Isaiah - Lesson 13

Gracious Deliverance

This lesson reviews the prophetic role of Isaiah, contextualized within the socio-political events of his time. The notion of predictive prophecy is thoroughly explored, alongside the discussion on the nature of God's timeless view of history, thereby providing the capacity to make specific and accurate predictions. The lecture also delves into the question of authorship of the Book of Isaiah, with evidence pointing towards Isaiah as the author, and reasons why it's important for him to be recognized as such. You will also understand the transition from Assyrian to Babylonian control and the impact this had on Judah, in the context of Isaiah’s prophecies. The lesson provides an insightful discussion of Isaiah's prophecies, their importance for Judah's future, and the powerful theological assertions they provide about God's transcendence and trustworthiness.

Lesson 13
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Gracious Deliverance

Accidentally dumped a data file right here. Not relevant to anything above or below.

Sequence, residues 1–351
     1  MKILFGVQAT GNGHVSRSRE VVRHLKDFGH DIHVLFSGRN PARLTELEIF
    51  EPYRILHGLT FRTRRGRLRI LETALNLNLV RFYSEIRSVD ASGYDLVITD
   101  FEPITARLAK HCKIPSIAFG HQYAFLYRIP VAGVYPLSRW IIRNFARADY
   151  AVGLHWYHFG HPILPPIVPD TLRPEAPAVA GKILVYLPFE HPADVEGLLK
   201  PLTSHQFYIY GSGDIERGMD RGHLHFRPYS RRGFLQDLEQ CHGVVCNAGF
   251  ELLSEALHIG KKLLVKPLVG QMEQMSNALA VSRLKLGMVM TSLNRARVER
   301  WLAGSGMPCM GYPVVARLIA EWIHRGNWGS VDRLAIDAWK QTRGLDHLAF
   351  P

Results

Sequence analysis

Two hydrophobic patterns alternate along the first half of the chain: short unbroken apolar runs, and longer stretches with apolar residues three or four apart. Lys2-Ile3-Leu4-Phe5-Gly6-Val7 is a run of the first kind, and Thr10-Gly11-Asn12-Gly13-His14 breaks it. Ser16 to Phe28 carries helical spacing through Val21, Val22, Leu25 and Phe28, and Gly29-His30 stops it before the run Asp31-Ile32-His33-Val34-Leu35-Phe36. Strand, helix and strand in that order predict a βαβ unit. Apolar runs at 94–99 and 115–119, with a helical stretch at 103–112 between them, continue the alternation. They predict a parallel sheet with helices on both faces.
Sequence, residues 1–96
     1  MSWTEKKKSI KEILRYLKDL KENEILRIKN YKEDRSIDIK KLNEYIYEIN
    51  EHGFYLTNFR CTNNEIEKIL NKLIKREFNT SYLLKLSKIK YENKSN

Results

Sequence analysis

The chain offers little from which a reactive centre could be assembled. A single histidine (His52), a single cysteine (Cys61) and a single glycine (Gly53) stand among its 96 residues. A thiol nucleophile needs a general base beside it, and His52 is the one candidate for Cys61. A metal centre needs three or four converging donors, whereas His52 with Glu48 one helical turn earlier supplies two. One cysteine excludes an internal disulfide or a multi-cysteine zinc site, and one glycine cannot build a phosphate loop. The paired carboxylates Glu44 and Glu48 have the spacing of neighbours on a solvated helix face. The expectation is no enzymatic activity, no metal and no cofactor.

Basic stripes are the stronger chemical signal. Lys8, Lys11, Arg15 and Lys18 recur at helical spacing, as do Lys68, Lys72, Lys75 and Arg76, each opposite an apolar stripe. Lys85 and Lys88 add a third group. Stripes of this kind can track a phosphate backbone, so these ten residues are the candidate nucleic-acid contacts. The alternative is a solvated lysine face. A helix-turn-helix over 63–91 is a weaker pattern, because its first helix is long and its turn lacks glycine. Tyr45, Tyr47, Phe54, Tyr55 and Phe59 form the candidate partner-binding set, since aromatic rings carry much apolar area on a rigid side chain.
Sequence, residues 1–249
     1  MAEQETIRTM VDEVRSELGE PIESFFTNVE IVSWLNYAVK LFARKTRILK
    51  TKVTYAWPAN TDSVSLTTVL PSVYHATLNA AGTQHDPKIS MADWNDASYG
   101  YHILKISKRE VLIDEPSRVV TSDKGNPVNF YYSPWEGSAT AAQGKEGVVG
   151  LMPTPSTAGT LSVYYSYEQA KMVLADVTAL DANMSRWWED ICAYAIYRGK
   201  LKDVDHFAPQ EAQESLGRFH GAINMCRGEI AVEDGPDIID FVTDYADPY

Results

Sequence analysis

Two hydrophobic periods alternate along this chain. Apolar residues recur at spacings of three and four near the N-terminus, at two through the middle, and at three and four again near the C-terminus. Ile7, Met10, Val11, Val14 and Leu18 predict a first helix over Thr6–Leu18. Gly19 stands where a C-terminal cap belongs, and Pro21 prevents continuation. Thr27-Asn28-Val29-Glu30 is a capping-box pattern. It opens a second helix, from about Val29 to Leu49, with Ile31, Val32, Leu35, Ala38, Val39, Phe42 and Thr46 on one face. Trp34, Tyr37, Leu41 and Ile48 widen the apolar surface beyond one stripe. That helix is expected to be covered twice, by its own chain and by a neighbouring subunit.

OT650-13: Gracious Deliverance

I. Introduction to Gracious Deliverance

A. Significance of Isaiah in the Old Testament

B. Understanding the term "Gracious Deliverance"

II. Context and Background of the Lesson

A. Historical and Cultural Context of Isaiah

B. Purpose and Authorship

III. Literary Features of Isaiah

A. Style and Language

B. Structure and Outline

IV. Exploration of Gracious Deliverance

A. Definition and Explanation

1. Old Testament Perspectives

2. New Testament Perspectives

B. Practical Application and Implications

V. Significance and Impact of the Lesson

A. Contribution to a Larger Understanding of the Old Testament

B. Influence on the Original Audience and Contemporary Readers

  • Through the in-depth study of Isaiah, you'll gain understanding of its purpose, authorship, key themes, structure, and its significant contributions to the Old Testament, shaping your comprehension of prophetic literature.